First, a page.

The person who is having their data collected has the right to know what data is being collected, how it is then being used and how long it will be kept. They also have the right to be informed if any third parties are going to have access to their data.

They should be informed in a way that is clear and that they can understand.

Right of access

The right of access means that a person has the right to request a copy of the personal data that is held on them. They can request this directly from the organisation and this should be provided to them within one month. This is unless their request has been found to be excessive, repetitive or unfounded.

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Right to rectification

If the person finds that the data that is held on them is not accurate or is incomplete, then they can ask that this be updated to be accurate.

Right to erasure

The person has the right to ask that their data be erased. This could be if it is no longer needed if it has been unlawfully obtained, or if it no longer meets the lawful ground that applied when it was first collected.

This is often known as the right to be forgotten.

Right to restrict processing

A person can restrict the way that their data is used. They may not want their data fully deleted, but they want to make sure that it is only used in a way that they consent to within the organisation.

Right to data portability

A person can obtain and reuse their data for their own purposes across different services if they have consented to their data being collected and used.

Right to object

A person can object to their data being processed. The organisation should then stop processing the information, however, they can provide legitimate grounds for the processing, but these must then override the rights of the individual.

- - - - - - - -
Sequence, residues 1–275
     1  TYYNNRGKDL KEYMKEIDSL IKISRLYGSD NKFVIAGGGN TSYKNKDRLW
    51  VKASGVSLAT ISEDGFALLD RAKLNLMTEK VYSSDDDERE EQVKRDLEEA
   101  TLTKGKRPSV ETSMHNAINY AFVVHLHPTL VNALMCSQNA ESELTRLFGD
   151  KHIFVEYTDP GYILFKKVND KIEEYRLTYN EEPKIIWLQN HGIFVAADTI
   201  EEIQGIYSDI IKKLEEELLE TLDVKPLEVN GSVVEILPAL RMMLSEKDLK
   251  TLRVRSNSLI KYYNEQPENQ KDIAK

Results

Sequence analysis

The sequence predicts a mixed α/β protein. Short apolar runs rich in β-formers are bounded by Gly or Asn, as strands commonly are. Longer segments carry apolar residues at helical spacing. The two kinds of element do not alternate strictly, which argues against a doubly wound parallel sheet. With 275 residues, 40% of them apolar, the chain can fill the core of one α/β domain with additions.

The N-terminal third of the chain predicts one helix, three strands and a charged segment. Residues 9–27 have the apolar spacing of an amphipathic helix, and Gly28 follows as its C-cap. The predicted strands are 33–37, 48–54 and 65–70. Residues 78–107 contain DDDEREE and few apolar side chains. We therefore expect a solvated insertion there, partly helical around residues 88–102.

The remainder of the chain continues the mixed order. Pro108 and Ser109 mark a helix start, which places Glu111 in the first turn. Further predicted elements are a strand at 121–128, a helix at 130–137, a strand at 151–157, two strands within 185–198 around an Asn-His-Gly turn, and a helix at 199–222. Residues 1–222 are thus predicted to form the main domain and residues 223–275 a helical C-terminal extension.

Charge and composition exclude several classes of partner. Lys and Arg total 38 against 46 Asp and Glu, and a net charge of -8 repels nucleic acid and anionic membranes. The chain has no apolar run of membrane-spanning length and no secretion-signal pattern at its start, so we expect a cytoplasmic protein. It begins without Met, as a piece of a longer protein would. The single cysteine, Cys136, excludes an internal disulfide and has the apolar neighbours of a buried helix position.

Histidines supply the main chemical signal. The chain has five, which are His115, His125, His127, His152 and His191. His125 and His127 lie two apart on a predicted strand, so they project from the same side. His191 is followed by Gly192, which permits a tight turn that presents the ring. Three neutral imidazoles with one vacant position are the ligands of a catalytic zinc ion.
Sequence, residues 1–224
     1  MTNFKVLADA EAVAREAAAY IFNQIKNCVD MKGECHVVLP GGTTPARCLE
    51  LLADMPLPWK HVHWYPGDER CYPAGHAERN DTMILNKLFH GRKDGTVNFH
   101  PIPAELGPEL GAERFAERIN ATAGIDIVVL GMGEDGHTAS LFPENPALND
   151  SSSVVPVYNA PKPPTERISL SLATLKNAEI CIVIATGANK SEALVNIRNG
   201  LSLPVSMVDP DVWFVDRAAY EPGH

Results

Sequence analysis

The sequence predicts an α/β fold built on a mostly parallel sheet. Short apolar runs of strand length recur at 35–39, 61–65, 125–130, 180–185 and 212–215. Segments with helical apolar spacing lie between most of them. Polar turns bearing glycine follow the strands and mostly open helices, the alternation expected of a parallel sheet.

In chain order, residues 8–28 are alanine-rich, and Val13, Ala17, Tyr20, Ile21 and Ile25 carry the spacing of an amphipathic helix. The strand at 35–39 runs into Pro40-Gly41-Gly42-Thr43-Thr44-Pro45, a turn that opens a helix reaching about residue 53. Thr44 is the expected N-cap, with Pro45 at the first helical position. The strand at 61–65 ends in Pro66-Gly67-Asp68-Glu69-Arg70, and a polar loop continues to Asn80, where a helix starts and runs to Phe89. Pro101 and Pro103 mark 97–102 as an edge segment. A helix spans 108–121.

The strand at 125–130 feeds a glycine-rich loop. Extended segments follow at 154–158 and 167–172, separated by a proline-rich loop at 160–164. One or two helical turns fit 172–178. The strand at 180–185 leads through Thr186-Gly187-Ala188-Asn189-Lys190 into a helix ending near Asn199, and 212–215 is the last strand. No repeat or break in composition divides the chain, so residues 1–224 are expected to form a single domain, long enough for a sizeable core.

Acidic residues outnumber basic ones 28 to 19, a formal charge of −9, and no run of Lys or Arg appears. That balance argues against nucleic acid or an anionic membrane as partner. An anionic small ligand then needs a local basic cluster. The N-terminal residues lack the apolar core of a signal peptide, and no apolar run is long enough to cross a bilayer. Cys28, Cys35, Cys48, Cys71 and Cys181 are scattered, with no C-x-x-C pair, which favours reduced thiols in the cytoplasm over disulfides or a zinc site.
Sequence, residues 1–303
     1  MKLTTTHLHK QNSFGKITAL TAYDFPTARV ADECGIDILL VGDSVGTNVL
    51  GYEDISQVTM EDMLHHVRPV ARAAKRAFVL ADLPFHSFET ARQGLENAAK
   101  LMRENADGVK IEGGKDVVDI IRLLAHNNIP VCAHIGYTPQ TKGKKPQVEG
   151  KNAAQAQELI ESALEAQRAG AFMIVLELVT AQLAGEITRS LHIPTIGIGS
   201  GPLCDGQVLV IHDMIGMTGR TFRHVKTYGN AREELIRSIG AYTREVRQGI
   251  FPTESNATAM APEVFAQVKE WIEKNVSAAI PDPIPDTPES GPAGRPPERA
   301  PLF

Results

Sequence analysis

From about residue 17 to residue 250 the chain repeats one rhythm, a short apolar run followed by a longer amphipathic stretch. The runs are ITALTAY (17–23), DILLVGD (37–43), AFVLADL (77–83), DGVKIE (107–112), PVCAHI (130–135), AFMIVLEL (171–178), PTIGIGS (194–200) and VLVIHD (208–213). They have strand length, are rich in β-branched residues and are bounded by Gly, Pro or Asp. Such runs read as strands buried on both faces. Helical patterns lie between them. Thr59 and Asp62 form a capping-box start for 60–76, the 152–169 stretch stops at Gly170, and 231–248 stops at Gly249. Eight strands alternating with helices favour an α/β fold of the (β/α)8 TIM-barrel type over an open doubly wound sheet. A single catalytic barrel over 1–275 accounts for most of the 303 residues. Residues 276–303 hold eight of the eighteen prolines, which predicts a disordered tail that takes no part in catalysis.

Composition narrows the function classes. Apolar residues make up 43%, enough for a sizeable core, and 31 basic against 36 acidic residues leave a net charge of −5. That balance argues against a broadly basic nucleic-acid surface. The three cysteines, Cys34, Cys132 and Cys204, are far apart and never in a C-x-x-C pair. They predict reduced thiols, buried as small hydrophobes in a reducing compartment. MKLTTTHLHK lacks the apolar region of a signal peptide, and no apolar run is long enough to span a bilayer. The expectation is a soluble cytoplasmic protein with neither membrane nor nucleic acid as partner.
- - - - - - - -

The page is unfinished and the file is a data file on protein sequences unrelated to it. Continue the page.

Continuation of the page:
Data Protection Officer (DPO) role and responsibilities

A key part of GDPR is that a business must appoint a DPO within their workplace. They are there to ensure that the business is compliant internally and that they are aware of the obligations of that business within GDPR.

They are responsible for not only understanding the rules that relate to GDPR but ensuring that they can provide advice and guidance to the business owners to make sure that they are within them and acting on the right side of the law.

GDPR Training

The GDPR Awareness course is an essential programme designed to equip individuals and organisations with the knowledge and understanding required to navigate the complexities of GDPR compliance. With the potential for significant fines reaching up to £18 million or four per cent of annual turnover for non-compliance, the importance of this training cannot be overstated. It is particularly crucial for those who handle customer data and are responsible for ensuring GDPR -compliant processes within their organisations.

The course covers a comprehensive range of topics, starting with an overview of the legislation itself, to help participants understand the legal framework and its implications. It delves into the definition of personal data, clarifying what constitutes personal data under GDPR. The course also outlines who GDPR applies to, ensuring participants can identify if and how GDPR affects their organisation. A key component of the course is the detailed exploration of the seven fundamental principles of GDPR, which form the backbone of compliance efforts.